Hamza Walker

Hamza Walker, curator for the Renaissance Society at the University of Chicago. (Zbigniew Bzdak/Chicago Tribune / March 7, 2013)

You can't have a short conversation with Hamza Walker. The guy likes to talk. A lot.

He's been chatting with a visitor for a couple of hours now, seated behind the desk of his light-filled office at The Renaissance Society, the small yet highly regarded contemporary art museum on the University of Chicago campus where he holds dual posts as director of education and associate curator.

Walker hasn't once scanned a cellphone for messages. He hasn't even checked his watch.

When Hamza Walker is with you, he is with you.

He's also really funny. He has a goofy laugh and a tendency to go off on tangents. Ask him a question, and he'll answer it, but before he does, he may stray so far from the original point you'll forget what you were talking about in the first place.

“It's the terroir, man,” Walker is saying. Terroir, a French term, describes the set of factors — soil, environment, genetics — that gives things like wine, coffee, or cheese their unique characteristics. Walker's trying to get at the qualities that make U. of C. the sort of place it is — bookish, intense, intellectually curious and, at the same time, a bastion of traditionalism. Also kinda nerdy.

A colleague pops her head through the doorway to remind him he only has a few minutes before his next meeting. Walker thanks her, then keeps right on talking.

“That's what grows in that soil — that's why it tastes that way. The University of Chicago is a serious, craggy-ass soil. Mineral-y, nasty terroir,” he adds, laughing.

He should know — Walker's a product of that soil. Not only has he worked at The Renaissance Society — aka “the Ren” — for 18 years, he majored in art history at U. of C., though he was a few term papers shy of actually getting his bachelor of arts.

“I didn't technically finish — I just stopped,” is the way he puts it. “I was writing about German expressionist prints, but I was more interested in contemporary art.”

Paper, whether in the form of a baccalaureate degree or a business card, doesn't seem to matter much to Walker. He's old school, the type of curator who is genuinely — and in his case, maybe even compulsively — interested in ideas for their own sake. He especially likes talking about ideas with other people.

“There's no music, no script — it's all improvised,” he says of public conversations he stages with artists during the Ren's opening receptions. “You have your horn, I have my horn and we're gonna hit it.”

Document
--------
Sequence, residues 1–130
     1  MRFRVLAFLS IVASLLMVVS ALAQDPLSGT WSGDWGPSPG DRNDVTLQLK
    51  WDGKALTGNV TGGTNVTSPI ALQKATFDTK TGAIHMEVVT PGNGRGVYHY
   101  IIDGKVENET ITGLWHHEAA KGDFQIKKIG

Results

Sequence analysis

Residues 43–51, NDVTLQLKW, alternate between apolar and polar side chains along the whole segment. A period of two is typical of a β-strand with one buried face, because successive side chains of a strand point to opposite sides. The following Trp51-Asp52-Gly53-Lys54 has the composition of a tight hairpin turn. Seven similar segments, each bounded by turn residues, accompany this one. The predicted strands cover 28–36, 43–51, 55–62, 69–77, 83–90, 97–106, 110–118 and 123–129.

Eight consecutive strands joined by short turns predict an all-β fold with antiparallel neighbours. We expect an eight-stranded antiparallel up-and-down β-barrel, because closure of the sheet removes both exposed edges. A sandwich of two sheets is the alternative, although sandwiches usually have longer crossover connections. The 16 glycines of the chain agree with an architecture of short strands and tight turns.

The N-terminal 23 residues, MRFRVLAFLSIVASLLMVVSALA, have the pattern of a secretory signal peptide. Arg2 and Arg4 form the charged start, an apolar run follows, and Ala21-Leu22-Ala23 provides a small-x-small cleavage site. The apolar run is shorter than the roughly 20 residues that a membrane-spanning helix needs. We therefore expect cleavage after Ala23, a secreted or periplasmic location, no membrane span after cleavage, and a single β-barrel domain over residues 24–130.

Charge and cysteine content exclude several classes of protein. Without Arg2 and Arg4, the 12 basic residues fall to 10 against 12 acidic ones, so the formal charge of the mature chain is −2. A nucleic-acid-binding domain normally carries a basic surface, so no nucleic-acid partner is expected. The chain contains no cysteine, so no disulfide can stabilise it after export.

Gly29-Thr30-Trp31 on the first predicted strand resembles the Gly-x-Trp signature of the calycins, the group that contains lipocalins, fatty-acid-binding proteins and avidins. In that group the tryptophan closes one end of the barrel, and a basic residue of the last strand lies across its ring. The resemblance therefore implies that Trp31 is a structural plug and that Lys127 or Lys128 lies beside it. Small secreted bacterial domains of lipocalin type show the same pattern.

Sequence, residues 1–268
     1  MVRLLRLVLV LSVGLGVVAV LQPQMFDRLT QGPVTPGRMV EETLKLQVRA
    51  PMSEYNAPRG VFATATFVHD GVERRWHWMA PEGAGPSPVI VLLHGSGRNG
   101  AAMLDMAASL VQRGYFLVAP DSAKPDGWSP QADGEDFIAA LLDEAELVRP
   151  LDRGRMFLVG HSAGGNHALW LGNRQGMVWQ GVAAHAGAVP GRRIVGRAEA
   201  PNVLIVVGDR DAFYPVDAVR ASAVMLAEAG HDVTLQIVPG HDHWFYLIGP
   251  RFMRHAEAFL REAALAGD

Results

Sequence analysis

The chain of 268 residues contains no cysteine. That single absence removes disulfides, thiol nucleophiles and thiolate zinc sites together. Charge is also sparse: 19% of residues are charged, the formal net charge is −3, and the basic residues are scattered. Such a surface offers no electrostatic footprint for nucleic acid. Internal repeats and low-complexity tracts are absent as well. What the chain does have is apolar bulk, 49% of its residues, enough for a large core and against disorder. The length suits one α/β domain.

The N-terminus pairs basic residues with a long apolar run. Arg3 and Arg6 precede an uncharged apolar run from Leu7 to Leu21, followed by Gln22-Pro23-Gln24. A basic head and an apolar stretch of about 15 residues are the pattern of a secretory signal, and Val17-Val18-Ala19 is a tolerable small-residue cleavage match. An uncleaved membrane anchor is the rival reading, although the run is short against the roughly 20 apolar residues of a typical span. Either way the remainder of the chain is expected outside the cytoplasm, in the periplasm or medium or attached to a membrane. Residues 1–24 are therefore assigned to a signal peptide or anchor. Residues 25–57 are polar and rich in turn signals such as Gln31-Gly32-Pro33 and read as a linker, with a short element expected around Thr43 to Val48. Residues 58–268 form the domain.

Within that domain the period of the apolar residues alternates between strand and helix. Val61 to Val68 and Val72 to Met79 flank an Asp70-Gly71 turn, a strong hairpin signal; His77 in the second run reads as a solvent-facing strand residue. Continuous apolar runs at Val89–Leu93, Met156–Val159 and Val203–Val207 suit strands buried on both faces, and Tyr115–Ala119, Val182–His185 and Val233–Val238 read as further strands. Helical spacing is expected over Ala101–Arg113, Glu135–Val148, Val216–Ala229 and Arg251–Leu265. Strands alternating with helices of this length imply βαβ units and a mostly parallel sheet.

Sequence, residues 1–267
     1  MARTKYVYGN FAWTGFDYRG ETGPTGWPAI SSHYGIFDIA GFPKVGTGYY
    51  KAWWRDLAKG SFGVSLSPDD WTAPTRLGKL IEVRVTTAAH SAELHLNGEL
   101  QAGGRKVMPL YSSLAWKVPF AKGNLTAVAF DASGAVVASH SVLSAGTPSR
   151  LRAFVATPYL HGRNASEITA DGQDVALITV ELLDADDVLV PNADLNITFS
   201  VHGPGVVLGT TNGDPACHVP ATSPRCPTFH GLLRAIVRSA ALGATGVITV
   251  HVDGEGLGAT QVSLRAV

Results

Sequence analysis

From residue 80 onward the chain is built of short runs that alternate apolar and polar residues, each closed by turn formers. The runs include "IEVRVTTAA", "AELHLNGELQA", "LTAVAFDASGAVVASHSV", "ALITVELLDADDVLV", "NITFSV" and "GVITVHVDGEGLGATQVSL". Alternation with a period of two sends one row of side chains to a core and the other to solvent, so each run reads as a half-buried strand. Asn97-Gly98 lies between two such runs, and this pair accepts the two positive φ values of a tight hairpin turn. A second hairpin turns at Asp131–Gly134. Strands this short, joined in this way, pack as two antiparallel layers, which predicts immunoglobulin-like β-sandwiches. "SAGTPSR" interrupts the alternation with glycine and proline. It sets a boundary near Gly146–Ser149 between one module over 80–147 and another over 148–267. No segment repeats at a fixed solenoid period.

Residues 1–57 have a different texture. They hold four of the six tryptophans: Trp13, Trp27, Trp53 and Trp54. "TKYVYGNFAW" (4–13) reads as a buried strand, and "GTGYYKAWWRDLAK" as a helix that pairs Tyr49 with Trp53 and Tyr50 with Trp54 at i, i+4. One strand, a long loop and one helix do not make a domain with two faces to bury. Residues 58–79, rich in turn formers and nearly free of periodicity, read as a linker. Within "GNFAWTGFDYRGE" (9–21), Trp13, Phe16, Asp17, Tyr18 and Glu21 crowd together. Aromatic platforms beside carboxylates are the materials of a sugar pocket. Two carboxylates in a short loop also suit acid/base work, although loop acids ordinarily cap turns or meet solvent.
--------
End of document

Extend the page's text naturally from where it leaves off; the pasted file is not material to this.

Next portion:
As director of education, Walker is responsible for all of the museum's public programming, not just gallery tours but poetry readings, lectures, film screenings, even a contemporary chamber music concert series.

He also curates a significant number of the shows in the Ren's 3,200-square-foot Bergman Gallery, including the exhibition of black-and-white photographs by Chicago artist John Neff that's on view now.

“I like the change-up,” Walker says of the freedom his two-track titles give him. “That's actually proven to be more (satisfying) than if I'd gone into a strictly visual art path.”

On top of everything, Walker is also an acclaimed and widely published writer and essayist — though he's the first to admit “I'm late with everything.”

Late or no, Walker has achieved a level of success most curators only dream of. In 2010, he received the much-coveted, $100,000 Ordway Prize, an unrestricted cash award given to an outstanding contemporary art curator between the ages of 40 and 65. (Walker is in his mid-40s.) And in 2004, he won the Walter Hopps Award for Curatorial Achievement, given by the Menil Collection to outstanding curators in the early stages of their careers.

Not bad for someone who never finished his bachelor's.

At U. of C., Walker studied art history and worked as a DJ on a jazz show for WHPK-FM 88.5. Later, he got involved with Southend Musicworks, also known as the “nomads of modern music,” a roving music production cooperative whose shows had a small but devoted following.

“The visual arts were one thing, but Southend was, like, my heart,” Walker recalls. “Every Friday and Saturday night. Some insane gigs went down.” His nostalgia for those days is evident.